Group Appreciation

Ron Wenrich woodtick at lebmofo.com
Wed Mar 11 06:53:22 EST 1998



LRLake wrote:

>
>
> There is always someone out there who has to ask the tough questions.  I'll
> give them a shot:

> 3.  In terms of private land management, the regulations have had a mixed
> result depending on the ownership.  Industrial land management has improved in
> terms of regeneration and stand management but not, for all ownerships, in
> terms of maintenance of optimal growing stock retention.  I think the rules are
> promoting a situation where this is improving, however.  If it takes 100 yrs.
> to grow a forest, it doesn't seem unreasonable that it takes 20+ years for
> owners and managers to adapt to change.
>
> For small landowners, I think the results are less favorable.  Small owners'
> costs have risen significantly and their short-term interests tend to be
> clouded with changes in ownership and short-term goals.  The system still tends
> to protect these individual property rights as long as minimum requirements are
> met.  Not total gestapo, yet, for the small guy.

Small landowners are more prevalent in the East than in the West.  The problem is
not that more foresters are needed to oversee mgmt., but landowner goals must be
geared from short-term to long-term thinking.  If you get to the position that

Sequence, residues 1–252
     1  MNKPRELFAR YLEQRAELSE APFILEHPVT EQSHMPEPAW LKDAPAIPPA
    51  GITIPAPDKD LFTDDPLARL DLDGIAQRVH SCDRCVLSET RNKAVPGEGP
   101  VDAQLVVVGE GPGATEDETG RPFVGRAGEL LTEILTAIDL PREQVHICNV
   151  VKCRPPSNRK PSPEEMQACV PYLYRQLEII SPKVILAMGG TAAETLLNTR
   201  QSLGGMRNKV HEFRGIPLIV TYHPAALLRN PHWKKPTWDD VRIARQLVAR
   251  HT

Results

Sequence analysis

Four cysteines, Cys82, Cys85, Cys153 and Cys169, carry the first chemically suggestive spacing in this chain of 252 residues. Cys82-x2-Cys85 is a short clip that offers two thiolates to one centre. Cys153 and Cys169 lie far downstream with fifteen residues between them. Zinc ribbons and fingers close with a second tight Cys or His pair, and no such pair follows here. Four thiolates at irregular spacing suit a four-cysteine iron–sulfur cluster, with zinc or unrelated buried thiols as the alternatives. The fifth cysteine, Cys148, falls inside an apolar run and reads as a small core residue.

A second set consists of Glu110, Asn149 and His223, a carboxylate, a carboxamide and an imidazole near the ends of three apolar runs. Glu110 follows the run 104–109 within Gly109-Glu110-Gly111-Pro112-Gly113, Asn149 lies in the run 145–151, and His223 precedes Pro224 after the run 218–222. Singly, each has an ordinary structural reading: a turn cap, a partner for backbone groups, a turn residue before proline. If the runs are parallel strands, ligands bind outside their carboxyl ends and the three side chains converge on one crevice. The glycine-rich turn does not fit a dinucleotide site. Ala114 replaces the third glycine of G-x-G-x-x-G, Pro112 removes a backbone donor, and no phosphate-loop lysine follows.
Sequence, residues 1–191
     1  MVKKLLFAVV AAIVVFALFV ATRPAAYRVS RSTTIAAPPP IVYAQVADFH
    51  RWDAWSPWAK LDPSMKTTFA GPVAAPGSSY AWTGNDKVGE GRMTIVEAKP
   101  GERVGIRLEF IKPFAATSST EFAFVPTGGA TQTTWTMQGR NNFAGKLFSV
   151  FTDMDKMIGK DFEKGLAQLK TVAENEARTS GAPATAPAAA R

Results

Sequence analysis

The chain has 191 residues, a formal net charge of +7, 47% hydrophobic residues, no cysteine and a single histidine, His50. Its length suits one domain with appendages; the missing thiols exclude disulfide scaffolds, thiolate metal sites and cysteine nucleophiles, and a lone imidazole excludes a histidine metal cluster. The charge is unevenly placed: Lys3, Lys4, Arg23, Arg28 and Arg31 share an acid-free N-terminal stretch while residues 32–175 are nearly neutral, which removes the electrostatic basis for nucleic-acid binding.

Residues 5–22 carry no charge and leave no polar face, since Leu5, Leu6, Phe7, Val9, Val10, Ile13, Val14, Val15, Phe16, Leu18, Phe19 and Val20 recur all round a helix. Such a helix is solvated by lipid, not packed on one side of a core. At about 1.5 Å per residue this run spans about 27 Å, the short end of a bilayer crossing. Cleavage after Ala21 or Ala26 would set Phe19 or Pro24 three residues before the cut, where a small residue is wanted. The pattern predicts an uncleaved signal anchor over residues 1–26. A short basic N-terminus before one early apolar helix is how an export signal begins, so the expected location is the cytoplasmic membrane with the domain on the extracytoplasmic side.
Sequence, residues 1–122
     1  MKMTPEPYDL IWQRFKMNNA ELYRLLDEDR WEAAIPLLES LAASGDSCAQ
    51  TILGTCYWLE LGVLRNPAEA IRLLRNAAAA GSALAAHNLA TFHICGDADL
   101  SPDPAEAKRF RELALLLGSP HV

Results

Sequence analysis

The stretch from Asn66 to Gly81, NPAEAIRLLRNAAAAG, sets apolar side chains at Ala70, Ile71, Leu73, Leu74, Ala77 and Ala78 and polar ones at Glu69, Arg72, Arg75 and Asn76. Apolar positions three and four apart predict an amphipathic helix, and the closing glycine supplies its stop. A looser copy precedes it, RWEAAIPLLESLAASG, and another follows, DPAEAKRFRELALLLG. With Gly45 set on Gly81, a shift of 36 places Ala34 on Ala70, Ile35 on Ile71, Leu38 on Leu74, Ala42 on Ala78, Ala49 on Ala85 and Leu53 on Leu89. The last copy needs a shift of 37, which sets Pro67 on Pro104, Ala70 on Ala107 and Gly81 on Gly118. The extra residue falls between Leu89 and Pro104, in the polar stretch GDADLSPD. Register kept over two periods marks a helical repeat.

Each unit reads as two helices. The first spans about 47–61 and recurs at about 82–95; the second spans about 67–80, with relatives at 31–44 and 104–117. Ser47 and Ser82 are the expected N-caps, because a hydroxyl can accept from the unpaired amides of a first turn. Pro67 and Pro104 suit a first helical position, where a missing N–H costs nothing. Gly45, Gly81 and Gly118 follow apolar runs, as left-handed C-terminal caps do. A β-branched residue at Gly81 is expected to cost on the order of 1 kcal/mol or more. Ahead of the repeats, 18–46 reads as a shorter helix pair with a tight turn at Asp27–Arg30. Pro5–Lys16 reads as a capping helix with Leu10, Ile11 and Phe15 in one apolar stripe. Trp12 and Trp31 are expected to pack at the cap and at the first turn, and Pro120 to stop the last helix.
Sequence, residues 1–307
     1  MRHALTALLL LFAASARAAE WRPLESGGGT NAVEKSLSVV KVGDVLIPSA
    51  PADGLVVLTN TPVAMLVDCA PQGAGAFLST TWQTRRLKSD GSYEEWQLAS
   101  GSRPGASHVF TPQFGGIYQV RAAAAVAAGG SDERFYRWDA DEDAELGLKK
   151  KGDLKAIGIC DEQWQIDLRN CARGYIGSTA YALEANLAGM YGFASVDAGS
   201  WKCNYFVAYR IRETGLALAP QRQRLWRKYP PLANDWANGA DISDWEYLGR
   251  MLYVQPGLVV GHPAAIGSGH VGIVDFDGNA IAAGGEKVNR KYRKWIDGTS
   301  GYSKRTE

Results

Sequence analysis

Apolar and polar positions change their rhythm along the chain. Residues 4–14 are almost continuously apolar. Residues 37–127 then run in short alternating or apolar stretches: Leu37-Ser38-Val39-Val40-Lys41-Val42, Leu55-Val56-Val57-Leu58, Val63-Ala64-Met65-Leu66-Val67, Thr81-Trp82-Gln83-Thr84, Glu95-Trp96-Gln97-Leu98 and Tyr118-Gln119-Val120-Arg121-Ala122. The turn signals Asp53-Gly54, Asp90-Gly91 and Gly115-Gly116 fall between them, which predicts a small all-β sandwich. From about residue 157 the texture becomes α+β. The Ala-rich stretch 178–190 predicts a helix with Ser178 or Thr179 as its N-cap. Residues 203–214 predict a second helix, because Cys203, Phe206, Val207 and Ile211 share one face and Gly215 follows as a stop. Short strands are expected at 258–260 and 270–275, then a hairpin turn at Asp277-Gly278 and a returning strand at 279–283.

foresters must prepare mgmt and harvesting plans on all lands, don't you also start
to dictate how the lands will be managed?  If so, is that the state's
responsibility?

> 6.  Generally speaking, the licensing of foresters, loggers and the requirement
> of timber harvest plans, prepered by a forester, combined with the rules of the
> board of forestry, have significantly reduced impacts to nontimber resources
> and provided the context within which growing stock is increasing instead of
> being systematically depleted.  I know there are some studies, and foresters,
> which would not agree, but I think it is so.

Pennsylvania has no laws governing foresters, and minimal on loggers.  There are no
certifications to be had from the state, although there are industrial
certification which can reduce Workman's Comp.  Property taxes on forestland is
relatively low in the rural areas.  There are no taxes on harvesting.  When you
look at the timber resources of PA, you'll see that we are growing timber twice as
fast as we are removing it.  Growth is increasing in all diameter classes, and for
most species.  The timber industry is one of the top 5 industries in the state, I
believe after agriculture and coal mining.  Wildlife is on the increase, fishing is
good, water quality is good, and population is not increasing too dramatically.
For these reasons, I doubt if PA will ever have laws that are even close to what
you have in California.  Licensing foresters and loggers would be driven more from
a consumer protection standpoint, but that won't happen anytime soon..  I wonder
how the other states stack up and if these aren't the reasons that there is less
state involvement?

RDW




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